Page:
Thursday, December 11, 2008

Late for "church"

Philip Yancey shared this story he heard from a friend in his 'What's So Amazing About Grace' video series:
When I'm late to church, people turn around and stare at me with frowns of disapproval. I get the clear message that I'm not as responsible as they are. When I'm late to Alcoholics Anonymous, the meeting comes to a halt, and everyone jumps up to hug and welcome me. They realize that my lateness may be a sign that I almost didn't make it. When I show up, it proves that my desperate need for them won out over my desperate need for alcohol.

I have to admit, I sometimes get irritated when people are late for our Sunday worship gatherings (or Small Groups, dinners or whatever). For some it seems like a lack of discipline or concern for others. But Yancey makes a good point.

I often fail to recognize just how much of a struggle it is for some people to overcome their brokenness and seek out help through the church. And if anyone ought to be welcoming, it should be the followers of Jesus.

This reminds me of the parable in Luke 18: 9-14 where two men prayed very different prayers. One was confident of his righteousness and looked down on everyone else. He prayed that he not become "like them." The other could not even raise his eyes for shame. He simply asked for mercy. Jesus said it was this second man who went home justified.

Sunday worship gatherings (or "services") are odd things. On the one hand, they are meant to be FOR God. It is a time for people of faith to come together to worship and praise Him. Yet, could it be that the greatest form of praise we can give is to bow before him in our awkward brokenness and ask for mercy? Is God impressed by our 'dressing up and doing something for him'; or is it our humble confession that we desperately need him and his church, and that sometimes we don't even know how to go about proper worship, that is more pleasing in His eyes?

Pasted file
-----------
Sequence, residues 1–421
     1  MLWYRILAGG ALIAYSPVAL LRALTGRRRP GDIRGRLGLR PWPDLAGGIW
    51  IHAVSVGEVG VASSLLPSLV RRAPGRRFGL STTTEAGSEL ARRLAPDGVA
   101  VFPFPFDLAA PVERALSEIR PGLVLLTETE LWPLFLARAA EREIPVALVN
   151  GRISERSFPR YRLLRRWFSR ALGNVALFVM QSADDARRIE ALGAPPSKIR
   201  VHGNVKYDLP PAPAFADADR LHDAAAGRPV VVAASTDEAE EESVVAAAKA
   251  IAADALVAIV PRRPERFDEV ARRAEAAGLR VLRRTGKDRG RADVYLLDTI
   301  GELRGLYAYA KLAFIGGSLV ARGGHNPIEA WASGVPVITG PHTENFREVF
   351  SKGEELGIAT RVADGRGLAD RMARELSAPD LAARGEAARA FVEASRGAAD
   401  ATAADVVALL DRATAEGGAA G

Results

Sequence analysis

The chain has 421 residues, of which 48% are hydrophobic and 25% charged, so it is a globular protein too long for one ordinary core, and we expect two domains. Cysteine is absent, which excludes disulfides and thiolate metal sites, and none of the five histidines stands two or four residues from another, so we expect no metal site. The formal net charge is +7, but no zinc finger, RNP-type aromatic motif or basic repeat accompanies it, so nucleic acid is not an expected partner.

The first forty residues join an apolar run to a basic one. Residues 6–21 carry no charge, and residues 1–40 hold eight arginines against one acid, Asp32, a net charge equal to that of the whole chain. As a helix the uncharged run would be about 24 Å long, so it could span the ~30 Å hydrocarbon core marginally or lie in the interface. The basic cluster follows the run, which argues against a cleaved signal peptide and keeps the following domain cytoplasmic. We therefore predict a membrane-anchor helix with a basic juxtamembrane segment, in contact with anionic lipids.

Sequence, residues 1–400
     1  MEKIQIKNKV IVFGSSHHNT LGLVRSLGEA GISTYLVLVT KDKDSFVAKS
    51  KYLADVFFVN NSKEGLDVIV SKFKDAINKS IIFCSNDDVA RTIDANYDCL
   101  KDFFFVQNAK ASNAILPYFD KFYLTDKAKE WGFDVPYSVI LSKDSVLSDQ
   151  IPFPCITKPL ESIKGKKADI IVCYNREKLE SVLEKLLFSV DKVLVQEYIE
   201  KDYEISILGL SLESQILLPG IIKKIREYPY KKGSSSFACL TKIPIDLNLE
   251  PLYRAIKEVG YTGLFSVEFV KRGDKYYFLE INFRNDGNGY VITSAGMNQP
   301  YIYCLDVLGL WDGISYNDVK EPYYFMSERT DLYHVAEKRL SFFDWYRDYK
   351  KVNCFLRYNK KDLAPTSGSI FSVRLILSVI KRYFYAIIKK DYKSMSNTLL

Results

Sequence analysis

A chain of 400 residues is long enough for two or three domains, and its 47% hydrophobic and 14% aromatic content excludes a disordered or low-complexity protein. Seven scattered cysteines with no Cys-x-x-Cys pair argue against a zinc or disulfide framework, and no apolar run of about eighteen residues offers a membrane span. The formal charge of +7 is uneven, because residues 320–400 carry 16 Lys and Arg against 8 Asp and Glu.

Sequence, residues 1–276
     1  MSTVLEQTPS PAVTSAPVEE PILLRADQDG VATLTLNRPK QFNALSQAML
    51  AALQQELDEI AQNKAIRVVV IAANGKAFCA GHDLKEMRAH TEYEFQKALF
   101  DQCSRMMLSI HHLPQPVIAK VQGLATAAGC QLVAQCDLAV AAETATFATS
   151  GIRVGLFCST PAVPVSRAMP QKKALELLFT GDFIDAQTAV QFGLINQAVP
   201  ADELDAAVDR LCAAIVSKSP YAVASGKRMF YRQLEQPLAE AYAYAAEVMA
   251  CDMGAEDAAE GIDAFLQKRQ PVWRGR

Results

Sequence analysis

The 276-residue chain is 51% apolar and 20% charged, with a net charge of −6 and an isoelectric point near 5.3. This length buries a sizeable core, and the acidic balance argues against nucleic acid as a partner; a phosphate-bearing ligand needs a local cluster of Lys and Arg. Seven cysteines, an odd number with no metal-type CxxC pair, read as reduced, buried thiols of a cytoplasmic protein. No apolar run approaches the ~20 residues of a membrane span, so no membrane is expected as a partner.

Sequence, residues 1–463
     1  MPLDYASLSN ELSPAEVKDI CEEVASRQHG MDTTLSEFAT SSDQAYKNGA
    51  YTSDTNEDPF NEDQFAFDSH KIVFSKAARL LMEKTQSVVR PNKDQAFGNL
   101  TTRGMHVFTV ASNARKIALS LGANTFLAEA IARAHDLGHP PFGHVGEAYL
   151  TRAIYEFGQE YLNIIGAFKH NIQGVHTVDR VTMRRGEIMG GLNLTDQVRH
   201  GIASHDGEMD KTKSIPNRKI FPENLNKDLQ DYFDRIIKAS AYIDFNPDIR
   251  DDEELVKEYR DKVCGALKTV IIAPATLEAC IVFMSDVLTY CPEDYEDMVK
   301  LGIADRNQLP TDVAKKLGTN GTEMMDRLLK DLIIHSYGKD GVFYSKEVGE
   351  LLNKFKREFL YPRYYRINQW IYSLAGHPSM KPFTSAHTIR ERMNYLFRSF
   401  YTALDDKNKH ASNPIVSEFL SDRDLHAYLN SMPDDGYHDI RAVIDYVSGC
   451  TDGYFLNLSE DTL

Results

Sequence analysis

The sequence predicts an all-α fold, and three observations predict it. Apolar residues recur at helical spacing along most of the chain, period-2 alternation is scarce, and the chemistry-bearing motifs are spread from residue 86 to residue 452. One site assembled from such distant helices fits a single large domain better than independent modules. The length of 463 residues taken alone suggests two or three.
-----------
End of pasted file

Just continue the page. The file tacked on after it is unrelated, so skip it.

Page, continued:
I think we have a fairly welcoming church, but I pray that we might become even moreso. May we celebrate the late-arrivals, and most of all, the One who welcomes all of us as we ask, "Lord Jesus Christ, Son of God, have mercy on me, a sinner."


Fran Leeman said...

Amen. It seems to me that our "services" often take on a strange culture that actually works against welcome and community. So many years of doing "church" are hard to undo. Keep trying. I'll keep trying to.

Jim said...

Amen again. And how coincidental - I was just praying the sinner's prayer ten minutes before I read this. I pray it a lot. I need to pray it more.

I am almost painfully on time for things, and have a hard time unclenching about being late to anything. There's a joke among my friends that if you invite us over for dinner at seven, as the second hand sweeps up the dial toward 6:59:58 the doorbell will ring and, "There's Jim!" :o)

That said, even in our 5:00 pm "contemporary" service I sometimes feel like our family is exactly what you're talking about. Les and I arrive separately because she works on Sundays and shows up in her nursing scrubs, even as she sings with the worship band. The kids often come in separately from us, late and muddy from spending the weekend with their father and playing before showing up. I am sure some disapprove. Whatever.

Sometimes I get overwhelmed with feelings and don't even go at all. "Church" is an emotionally loaded thing for me, as you know, and sometimes it is the LAST thing I want to do. And then I force myself and usually (usually) am happy afterward that I did.

Good post, Dan.

Spankie said...

i thought my wife was the only one that went to church in scrubs and had to leave early to go heal the sick.

good post